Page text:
Wearing may refer to:
- Wearing (surname), a surname
- Wearing clothes, a feature of all modern human societies
- Wearing ship, a sailing maneuver
Read more about Wearing: See Also
Other articles related to "wearing":
... tie wearers, real and fictional notable people for whom the wearing of a bow tie (when not in formal dress) is also a notable characteristic ... —The New York Times Bow tie wearing can be a notable characteristic for an individual ... Freedman told The New York Times that wearing a bow tie "is a statement maker" that identifies a person as an individual because "it's not generally in fashion" ...
... It begins with Bassingthwaighte sitting on a purple chair wearing a blond wig ... sequence of the video was filmed in black and white and features Bassingthwaighte wearing an afro ... This is followed by scenes of her on a swing wearing a red wig and dancing with two male dancers (brothers Hilton and David Denis who featured in "So You ...
... is not compulsory, unlike neighboring Saudi Arabia, many of the older and young Emirati men prefer wearing thawb or a dishdash, an ankle-length white shirt woven from wool or cotton while ... women who dress in Western clothing still maintain a modest standard of attire, avoiding the wearing of sleeveless tops, tight-fitting tops, and dresses or skirts that fall above the knee ... there have been instances of expats for not wearing enough clothing at beaches, and some even being completely nude ...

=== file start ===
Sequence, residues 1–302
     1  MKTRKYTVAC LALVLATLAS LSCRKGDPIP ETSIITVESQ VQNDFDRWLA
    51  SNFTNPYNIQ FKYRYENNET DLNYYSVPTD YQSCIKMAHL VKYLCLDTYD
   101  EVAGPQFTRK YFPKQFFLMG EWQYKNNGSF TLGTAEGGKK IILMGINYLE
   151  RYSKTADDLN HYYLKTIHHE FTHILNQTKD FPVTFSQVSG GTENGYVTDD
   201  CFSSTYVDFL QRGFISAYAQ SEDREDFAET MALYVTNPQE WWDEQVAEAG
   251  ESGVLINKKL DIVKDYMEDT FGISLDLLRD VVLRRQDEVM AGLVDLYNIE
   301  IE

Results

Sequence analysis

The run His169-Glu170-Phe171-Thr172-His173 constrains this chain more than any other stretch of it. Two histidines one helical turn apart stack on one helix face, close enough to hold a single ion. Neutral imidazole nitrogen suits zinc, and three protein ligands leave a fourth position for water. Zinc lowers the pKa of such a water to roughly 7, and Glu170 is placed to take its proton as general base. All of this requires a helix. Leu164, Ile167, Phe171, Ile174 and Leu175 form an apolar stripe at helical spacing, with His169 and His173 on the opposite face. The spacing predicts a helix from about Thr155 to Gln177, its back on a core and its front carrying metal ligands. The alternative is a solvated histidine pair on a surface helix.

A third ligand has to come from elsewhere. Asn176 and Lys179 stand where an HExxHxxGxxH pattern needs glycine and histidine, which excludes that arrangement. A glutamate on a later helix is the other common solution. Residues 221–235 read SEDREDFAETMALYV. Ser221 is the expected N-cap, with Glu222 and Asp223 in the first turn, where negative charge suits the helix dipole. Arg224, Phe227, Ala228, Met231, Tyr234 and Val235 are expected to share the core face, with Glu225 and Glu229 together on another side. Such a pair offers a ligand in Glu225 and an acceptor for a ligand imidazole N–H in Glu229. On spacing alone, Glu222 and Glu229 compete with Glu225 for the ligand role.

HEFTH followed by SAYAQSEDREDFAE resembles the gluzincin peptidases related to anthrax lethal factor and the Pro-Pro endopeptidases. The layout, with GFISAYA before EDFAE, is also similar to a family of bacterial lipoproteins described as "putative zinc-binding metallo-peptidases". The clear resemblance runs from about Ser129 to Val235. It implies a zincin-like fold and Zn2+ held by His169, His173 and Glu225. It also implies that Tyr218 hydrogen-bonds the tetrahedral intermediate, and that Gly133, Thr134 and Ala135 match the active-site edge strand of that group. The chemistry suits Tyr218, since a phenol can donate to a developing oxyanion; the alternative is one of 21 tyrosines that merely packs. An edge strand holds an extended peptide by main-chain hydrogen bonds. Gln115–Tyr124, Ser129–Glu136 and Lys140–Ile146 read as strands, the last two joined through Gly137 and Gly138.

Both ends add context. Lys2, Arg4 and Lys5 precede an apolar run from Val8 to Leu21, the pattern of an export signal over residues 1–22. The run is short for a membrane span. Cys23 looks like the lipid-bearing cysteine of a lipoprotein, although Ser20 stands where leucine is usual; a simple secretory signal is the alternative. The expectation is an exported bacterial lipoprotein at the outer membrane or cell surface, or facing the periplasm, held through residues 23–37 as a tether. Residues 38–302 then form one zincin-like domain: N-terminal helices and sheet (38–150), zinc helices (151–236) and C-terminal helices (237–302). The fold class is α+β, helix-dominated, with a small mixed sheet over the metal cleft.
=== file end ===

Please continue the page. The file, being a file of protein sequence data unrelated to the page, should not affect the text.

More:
... traditions, cuckolds have sometimes been described as "wearing the horns of a cuckold" or just "wearing the horns" ... different allusion is used, when the cuckold (or wittol) is said to be "戴绿帽子" (wearing the green hat), which derives from the sumptuary laws used in China from the 13th to the 18th century ...
... Benny Wearing (1901–1968) was an Australian rugby league footballer of the 1920s and 30s ... Wearing was the third player in Australian rugby league history to score 100 premiership tries ...
Famous quotes containing the word wearing:
“Oh who is that young sinner with the handcuffs on his wrists?
And what has he been after that they groan and shake their fists?
And wherefore is he wearing such a conscience-stricken air?
Oh theyre taking him to prison for the colour of his hair.”
—A.E. (Alfred Edward)
“The best thing about Sassy Seats is that grandmothers cannot figure out how they work and are in constant fear of the childs falling. This often makes them forget to comment on other aspects of the childs development, like why he is not yet talking or is still wearing diapers. Some grandmothers will spend an entire meal peering beneath the table and saying, Is that thing steady? rather than, Have you had a doctor look at that left hand?”
—Anna Quindlen (20th century)
“... we did not call ourselves ladies. We did not forget that we were working-girls, wearing coarse aprons suitable to our work, and that there was some danger of our becoming drudges.”
—Lucy Larcom (18241893)